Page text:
How I wish I could go around town, painting graffiti on the walls that said, ‘You mess with femmes, you mess with us’, just to intimidate the offenders into refraining committing any more crimes against women. The vigilantism element in this story is strong, and to some extent a reminder of how that may be the only solution in real life, too. (Except that, it isn’t really!)
‘I hear that you are angry. I hear that you are scared. But we cannot afford to stoop to the level of our oppressors for one thing, violence only begets violence. We are better than that. We are stronger than that.’
The similarities didn’t just end there. The ‘I don’t give a shit how big your boobs are. I am just as much a woman as you’ line was a lot similar to what I want to tell misogynists: I don’t give a shit what your ideas of womanhood are. I am just as much a person as you.
My belief that all women, irrespective of where they are, have the same stories was reflected in the lines, ‘All the girls on the Street think they’re so unique, but the truth is, we all come from the same story, more or less.’
Each of us needs a place that’s our own sanctuary. And there is no better definition of the word that I found than the one given in this book – ‘a sanctuary is a place where the door only locks from the inside.’
It is for this reason that I feel women should band together and stand up for each other, so that the sisterhood remains strong and we can provide the love and support to one another. And again, I found something similar in the book.
‘It feels like sisterhood. It feels like open arms. It feels like home.’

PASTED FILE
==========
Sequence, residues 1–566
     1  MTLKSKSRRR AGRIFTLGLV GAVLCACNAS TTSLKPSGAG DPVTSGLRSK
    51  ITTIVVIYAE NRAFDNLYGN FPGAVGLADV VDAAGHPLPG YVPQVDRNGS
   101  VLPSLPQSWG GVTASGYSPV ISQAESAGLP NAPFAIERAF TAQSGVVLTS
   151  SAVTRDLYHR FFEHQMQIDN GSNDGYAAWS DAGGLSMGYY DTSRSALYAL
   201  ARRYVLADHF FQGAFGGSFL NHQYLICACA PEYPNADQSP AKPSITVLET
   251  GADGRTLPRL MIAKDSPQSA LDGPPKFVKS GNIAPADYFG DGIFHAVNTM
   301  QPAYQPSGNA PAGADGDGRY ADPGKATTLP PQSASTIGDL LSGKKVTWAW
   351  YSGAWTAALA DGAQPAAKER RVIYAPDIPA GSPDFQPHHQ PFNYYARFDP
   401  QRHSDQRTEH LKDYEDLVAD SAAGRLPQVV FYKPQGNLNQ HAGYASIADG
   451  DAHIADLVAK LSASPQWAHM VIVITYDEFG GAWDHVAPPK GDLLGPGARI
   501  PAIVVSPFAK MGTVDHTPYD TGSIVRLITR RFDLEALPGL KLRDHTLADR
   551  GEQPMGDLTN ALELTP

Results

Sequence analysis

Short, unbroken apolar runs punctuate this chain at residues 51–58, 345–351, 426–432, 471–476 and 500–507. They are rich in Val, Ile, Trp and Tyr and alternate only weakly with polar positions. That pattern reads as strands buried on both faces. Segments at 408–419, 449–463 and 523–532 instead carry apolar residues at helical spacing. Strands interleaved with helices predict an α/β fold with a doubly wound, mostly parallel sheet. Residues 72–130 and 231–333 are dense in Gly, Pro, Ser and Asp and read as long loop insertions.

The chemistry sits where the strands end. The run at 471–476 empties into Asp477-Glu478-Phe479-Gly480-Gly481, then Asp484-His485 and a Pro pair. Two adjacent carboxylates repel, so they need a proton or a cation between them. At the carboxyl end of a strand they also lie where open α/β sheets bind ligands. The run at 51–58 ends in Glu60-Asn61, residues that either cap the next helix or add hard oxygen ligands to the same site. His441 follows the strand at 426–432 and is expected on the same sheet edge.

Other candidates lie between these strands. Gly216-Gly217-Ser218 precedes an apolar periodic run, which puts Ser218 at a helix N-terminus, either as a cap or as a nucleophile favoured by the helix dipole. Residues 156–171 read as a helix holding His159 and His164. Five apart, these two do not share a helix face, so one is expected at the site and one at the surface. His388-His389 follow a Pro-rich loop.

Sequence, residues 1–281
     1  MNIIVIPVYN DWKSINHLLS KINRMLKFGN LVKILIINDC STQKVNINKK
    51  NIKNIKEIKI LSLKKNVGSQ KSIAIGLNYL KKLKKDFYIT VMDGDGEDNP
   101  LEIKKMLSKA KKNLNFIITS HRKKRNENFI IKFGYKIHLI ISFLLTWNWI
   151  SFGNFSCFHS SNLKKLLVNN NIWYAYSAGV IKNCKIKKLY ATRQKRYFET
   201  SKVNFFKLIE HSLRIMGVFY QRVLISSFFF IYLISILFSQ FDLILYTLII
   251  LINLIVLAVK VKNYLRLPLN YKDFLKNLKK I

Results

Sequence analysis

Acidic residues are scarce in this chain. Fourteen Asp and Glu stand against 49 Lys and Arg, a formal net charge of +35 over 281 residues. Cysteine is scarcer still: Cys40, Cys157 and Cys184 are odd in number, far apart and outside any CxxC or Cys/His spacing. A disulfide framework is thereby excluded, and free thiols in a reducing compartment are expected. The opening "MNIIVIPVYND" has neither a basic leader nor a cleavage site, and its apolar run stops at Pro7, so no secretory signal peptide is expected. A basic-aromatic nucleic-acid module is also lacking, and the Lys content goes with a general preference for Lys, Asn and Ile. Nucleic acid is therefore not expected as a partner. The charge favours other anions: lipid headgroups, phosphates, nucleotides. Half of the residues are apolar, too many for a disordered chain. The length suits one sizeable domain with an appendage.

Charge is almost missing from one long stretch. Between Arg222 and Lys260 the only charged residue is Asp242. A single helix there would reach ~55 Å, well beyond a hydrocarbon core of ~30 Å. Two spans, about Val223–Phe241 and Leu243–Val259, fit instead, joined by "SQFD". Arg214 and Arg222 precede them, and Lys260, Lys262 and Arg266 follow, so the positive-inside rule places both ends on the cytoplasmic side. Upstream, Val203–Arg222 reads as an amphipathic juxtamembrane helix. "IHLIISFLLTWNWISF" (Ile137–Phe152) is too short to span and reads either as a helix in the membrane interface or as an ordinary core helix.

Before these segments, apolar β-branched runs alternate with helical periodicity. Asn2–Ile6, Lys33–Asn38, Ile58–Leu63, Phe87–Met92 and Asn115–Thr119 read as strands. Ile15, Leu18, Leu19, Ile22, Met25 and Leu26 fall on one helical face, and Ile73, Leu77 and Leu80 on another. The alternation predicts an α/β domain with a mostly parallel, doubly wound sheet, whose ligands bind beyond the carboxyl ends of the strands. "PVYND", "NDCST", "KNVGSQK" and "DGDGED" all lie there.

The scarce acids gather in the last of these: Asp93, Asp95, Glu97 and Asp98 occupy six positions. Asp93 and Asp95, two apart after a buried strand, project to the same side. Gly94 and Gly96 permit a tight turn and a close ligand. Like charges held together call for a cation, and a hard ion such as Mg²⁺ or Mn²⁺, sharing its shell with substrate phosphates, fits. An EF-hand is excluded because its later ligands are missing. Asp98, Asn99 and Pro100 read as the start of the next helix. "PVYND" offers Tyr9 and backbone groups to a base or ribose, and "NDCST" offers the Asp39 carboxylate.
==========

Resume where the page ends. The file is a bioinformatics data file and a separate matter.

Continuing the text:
On presenting a steely facade that is visible to the world even as a fearsome fight against self-doubts and insecurities rages on within, I felt the character said it better than I could.
‘I look up, gazing around the room with eyes that say, “I’m as fierce and fabulous as anyone here, and I don’t give a shit what anyone thinks.”
And I think everyone buys it except for me.’
The author very deftly explores several themes that are extremely relevant to feminism and the fight against patriarchy – violence against women, mental health, need for consent, and my favourite, women empowering women – without losing the thread of the plot or the flow of the character’s journey.
It was easy for me to establish an instant connect with the protagonist even though her life was starkly different from mine. The poems and the letter that offer a deeper insight into the protagonist’s mind are a wonderful addition for they helped me understand the mental anguish a transgender person goes through; not just in terms of exploring their own feelings, but also, social acceptance.